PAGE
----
The holidays don't have to be a time to gain weight

The holidays don't have to be a time to gain weight

November 17th, 2011 by Holly Leber in Life Entertainment

Everyone knows to watch their eating during the holiday season, but experts say that the average American gains 7-13 pounds between Thanksgiving and Jan. 2.

Everyone knows to watch their eating during the...

Photo by McClatchey Tribune /Times Free Press.

After several indulgent weeks filled with fruit cake, pumpkin pie and holiday cookies, most of us will be hiding muffin tops under our Christmas sweaters by the time Santa jiggles his pudgy self down the chimney.

And then January will set in, and so will the shame.

Losing weight and getting fit are among the Top 10 resolutions Americans make each year, according to the U.S. government. And no wonder. 'Tis the season to be carb-loaded.

"It's not the actual holiday that gets us in trouble," said Robin Darling, registered dietitian at Memorial Hospital. "It's the six weeks between Thanksgiving and New Year's Day where we're constantly being bombarded with food."

But what if it could be different? What if you didn't have to gain an elf's worth of weight every holiday season? What if you could avoid elastic-waist pants?

No, Virginia, you don't have to have a belly like Santa Claus.

Area fitness and diet experts share how.

1. Keep up the exercise. Holidays are a stressful time. Exercise can help alleviate stress. Make it fun. Instead of watching a game, gather the family and go play a game of touch football outside.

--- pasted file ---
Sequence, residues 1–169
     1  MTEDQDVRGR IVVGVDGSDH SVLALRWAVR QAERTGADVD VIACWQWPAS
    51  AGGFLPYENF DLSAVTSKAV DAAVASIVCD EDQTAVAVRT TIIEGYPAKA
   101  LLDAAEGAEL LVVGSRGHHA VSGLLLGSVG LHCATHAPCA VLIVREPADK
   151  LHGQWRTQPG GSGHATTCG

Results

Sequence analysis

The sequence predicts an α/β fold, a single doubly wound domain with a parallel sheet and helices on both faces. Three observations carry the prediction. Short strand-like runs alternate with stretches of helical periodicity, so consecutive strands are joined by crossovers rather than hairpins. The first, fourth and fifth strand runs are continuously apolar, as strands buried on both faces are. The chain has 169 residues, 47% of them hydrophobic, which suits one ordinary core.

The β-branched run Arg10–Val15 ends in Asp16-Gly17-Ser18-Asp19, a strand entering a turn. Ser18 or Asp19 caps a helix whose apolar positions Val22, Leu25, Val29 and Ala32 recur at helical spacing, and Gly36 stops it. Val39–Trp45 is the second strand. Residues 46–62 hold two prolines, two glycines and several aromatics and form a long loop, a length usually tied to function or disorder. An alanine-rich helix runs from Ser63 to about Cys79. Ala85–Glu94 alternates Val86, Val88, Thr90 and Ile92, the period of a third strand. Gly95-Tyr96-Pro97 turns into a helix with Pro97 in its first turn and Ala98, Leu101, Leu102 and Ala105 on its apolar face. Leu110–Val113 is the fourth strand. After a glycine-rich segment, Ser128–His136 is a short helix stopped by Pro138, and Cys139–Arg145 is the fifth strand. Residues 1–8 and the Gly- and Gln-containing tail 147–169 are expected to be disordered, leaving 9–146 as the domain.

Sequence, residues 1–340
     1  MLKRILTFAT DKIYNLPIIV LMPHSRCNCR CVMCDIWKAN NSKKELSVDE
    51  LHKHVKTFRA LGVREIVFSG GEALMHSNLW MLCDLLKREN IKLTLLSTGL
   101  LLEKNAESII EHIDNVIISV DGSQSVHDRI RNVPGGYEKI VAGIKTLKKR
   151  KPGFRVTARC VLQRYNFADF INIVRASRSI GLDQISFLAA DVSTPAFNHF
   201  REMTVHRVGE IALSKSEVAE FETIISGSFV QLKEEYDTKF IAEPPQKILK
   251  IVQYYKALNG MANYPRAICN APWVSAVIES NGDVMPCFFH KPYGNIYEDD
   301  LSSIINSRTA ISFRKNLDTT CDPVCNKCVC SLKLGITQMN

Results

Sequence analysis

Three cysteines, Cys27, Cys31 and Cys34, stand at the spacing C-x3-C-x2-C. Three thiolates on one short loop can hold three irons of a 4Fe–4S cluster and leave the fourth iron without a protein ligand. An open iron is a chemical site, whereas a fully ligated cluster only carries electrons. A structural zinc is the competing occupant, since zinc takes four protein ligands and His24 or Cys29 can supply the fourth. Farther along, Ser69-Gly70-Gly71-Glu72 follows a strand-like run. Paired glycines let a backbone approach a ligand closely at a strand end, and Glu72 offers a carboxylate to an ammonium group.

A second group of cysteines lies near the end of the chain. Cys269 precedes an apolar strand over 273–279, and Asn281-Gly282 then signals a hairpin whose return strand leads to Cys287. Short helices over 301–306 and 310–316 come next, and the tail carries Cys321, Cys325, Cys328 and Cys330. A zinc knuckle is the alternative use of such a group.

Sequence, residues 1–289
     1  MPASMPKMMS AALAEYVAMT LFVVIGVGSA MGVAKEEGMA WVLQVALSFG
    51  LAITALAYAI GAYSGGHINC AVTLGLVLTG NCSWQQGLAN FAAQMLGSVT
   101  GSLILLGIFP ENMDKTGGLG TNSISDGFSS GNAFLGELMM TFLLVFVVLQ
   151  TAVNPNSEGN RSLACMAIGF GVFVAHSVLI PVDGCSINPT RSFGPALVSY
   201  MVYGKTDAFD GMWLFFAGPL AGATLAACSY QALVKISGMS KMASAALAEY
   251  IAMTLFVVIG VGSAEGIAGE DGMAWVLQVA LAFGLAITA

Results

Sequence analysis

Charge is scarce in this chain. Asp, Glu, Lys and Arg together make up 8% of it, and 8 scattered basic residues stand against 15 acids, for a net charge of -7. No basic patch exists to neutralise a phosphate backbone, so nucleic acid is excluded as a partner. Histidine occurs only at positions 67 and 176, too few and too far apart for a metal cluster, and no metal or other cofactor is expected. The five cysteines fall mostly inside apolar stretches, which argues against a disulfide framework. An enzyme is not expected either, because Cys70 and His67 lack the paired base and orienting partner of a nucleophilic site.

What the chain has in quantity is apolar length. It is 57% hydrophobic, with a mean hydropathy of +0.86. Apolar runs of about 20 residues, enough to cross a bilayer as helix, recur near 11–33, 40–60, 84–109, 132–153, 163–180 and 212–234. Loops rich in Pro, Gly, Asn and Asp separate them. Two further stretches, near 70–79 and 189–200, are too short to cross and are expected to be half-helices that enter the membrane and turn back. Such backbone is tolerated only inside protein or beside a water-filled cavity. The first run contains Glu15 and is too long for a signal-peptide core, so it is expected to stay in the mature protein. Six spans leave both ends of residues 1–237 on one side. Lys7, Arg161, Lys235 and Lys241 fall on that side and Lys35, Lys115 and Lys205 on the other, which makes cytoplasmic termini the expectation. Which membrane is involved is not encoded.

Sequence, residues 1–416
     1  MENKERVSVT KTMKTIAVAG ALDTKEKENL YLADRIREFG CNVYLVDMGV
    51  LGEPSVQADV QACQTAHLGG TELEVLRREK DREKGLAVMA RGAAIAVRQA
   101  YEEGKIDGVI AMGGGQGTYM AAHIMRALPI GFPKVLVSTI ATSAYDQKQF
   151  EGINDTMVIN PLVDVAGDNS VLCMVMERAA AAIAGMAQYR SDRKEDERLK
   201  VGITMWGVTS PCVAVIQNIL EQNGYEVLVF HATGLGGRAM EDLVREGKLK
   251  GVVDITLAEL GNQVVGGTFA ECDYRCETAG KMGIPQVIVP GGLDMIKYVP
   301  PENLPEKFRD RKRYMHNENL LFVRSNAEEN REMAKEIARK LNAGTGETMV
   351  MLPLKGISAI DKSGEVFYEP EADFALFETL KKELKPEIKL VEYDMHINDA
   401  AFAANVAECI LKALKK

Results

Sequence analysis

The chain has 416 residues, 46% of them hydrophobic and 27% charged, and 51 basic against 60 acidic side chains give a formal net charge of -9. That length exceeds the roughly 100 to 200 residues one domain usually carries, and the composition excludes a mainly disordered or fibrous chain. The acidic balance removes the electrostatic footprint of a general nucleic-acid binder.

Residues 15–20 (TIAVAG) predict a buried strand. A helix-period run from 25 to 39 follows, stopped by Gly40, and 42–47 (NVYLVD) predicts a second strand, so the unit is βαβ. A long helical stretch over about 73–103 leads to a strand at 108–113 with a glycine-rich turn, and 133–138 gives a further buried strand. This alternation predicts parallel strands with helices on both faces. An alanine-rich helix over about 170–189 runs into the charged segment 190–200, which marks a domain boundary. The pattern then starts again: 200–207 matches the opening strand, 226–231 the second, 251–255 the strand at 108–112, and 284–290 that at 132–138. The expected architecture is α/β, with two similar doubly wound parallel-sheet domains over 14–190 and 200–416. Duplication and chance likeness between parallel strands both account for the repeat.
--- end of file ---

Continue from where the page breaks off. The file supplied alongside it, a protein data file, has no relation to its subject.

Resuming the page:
2. Don't skip meals, and never go to a party hungry. The finger food and appetizer-style offerings at parties are typically higher in fat and calories than sitting down to a meal. You can actually end up eating more than if you'd had breakfast or dinner first.

3. If you're hosting, set up a buffet in a room separate from the dining room. That way, you can avoid the temptation to eat more after your plate is empty.

4. Incorporate fitness into holiday shopping. Park far from the door of the mall, take the stairs, do curls with shopping bags and avoid the food court.

5. Focus on the dishes that are holiday treats. Mashed potatoes or macaroni and cheese can be eaten any time. Sweet potatoes and marshmallows are no health food, but they tend to be associated with Thanksgiving Day. Indulge in the more rare treats.

6. Buy small food storage containers. What should you do with that leftover piece of pumpkin pie that's "not worth trying to save"? Wolfing it down while you clean isn't going to help anyone. Wrap it up. Put it away. Save it for another time.

7. Be accountable to someone. Whether a personal trainer or a walking buddy, if you have someone else depending on you, you'll be less likely to skip out on workouts.

8. Keep goals realistic. The holidays are not a time to try to lose weight. Instead, aim to maintain your current weight. And don't plan to buckle into one of those crazy New Year's diets come Jan. 1. That will only lead to overindulgence now.

9. Make healthy food choices. Replace oil in a gingerbread recipe with applesauce. Use plain nonfat yogurt instead of sour cream. Substitute pureed cauliflower for mashed potatoes.

10. If you drink, drink in moderation. Alcohol is high in calories. Additionally, those "hilarious" stories about drunk Aunt Shelley are really just your family's way of trying to find humor in having been embarrassed by your actions. Opt for a class of champagne over a chocolate peppermint martini, and stick to one or two.

Sources: Indi Maharaj, registered dietitian at the Chattanooga Lifestyle Center; Kristy Brewer, exercise physiologist at the Chattanooga Lifestyle Center; Britt Watson, wellness director at the downtown YMCA; Robin Darling, registered dietitian at Memorial Hospital.